Format

Send to

Choose Destination
Afr Health Sci. 2015 Sep;15(3):828-34. doi: 10.4314/ahs.v15i3.17.

Variations in antimalarial components of Artemisia annua Linn from three regions of Uganda.

Author information

1
Faculty of Medicine, Mbarara University of Science & Technology, P.O.Box 1410, University Road, Mbarara, Uganda.
2
Natural Chemotherapeutics Research Institute, Ministry of Health P.O.Box 4864 Kampala, Uganda.
3
College of Veterinary Medicine, Animal Resources and Biosecurity, Makerere University, P.O.Box 7062 Kampala, Uganda.

Abstract

INTRODUCTION:

Artemisia annua plant from the family Asteracea is a powerful antimalarial plant introduced to Uganda around 2003. In addition to the artemisinin component, the plant also contains flavonoids which work in synergy to artemisinin against malaria parasites. The plant also contains aromatic oils which repel mosquitoes. In this paper we report the variations in antimalarial components of A. annua samples from the regions cultivating it in Uganda.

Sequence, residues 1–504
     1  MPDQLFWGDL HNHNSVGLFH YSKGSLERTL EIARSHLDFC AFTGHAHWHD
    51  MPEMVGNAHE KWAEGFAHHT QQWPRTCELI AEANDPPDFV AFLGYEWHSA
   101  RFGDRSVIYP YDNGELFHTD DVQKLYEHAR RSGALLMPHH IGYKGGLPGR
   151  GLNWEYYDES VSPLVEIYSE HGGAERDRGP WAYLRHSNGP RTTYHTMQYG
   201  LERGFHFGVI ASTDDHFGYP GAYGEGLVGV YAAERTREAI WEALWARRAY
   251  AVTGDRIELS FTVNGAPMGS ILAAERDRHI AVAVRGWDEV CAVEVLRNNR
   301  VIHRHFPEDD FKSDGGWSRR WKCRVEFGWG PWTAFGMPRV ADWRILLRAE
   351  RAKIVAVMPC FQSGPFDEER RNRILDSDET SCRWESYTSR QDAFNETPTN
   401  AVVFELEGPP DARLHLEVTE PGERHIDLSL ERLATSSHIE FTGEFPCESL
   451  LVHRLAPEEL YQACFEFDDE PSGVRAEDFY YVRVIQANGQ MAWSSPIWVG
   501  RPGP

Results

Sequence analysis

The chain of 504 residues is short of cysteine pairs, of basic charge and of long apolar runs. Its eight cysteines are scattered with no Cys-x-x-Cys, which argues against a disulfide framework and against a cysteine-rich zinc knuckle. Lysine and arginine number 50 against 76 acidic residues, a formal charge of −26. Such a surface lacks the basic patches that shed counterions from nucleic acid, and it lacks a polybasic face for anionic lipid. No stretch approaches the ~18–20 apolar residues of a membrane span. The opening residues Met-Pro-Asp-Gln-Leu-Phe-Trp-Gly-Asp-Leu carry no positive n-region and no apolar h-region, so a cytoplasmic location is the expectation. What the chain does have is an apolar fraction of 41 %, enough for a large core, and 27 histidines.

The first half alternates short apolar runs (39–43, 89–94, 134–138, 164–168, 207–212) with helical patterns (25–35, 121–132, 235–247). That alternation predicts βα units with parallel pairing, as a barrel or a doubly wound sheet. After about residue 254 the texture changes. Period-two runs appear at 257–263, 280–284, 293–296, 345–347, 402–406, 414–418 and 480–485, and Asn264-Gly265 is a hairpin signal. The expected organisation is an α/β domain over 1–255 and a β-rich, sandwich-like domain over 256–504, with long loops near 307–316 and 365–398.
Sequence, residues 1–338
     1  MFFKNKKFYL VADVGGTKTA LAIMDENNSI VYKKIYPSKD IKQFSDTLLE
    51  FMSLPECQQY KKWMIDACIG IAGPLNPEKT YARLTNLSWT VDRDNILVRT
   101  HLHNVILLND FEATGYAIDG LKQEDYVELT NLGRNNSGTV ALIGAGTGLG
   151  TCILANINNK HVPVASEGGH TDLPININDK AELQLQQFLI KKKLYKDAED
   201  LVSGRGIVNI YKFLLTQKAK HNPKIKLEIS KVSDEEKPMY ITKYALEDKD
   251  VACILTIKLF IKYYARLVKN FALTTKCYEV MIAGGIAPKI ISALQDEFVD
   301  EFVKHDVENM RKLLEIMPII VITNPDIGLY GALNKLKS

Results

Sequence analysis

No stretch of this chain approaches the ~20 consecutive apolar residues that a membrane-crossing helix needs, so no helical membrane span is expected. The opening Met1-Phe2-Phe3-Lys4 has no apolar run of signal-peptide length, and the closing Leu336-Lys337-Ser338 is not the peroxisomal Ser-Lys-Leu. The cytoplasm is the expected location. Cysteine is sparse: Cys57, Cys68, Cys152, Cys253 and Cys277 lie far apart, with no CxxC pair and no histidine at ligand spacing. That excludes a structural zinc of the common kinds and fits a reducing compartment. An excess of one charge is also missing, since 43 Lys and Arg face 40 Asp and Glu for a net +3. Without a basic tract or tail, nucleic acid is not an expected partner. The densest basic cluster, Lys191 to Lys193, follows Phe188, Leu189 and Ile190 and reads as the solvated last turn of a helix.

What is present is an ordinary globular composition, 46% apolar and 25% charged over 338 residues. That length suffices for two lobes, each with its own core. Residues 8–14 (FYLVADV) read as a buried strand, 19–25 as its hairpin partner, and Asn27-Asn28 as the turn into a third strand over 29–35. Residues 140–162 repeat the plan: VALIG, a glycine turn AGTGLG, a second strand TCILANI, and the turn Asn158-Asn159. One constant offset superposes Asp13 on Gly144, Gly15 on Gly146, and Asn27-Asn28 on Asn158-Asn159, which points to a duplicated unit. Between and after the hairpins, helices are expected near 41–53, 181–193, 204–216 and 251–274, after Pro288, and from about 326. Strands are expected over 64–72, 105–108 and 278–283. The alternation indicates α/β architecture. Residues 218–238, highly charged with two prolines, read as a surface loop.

METHODS:

Artemisia annua samples were obtained from three regions that cultivated the plant at the time of this study. The samples were brought to laboratory, authenticated and processed. The levels of artemisinin, total flavonoids and aromatic components were quantified using high performance thin layer chromatography, ultra violet spectrophotometry and gas chromatography respectively.

RESULTS:

Artemisinin and total flavonoids levels were higher in samples obtained from high land areas (western and south western region) compared to that obtained from lowland regions (central) i.e 0.8% Vs 0.4% and 2.6% Vs 1.5% respectively. The aromatic oils (mosquito repellent components) were similar with camphor component being highest and levels ranging from 75.4% to 79.0%.

CONCLUSION:

Our findings show that the active components in Artemisia annua cultivated and used in the Uganda vary with geographical regions and this calls for standardisation by source.

KEYWORDS:

Antimalarial components; Artemisia annua; Uganda; Variations

PMID:
26957971
PMCID:
PMC4765468
DOI:
10.4314/ahs.v15i3.17
[Indexed for MEDLINE]
Free PMC Article

Supplemental Content

Full text links

Icon for PubMed Central
Loading ...
Support Center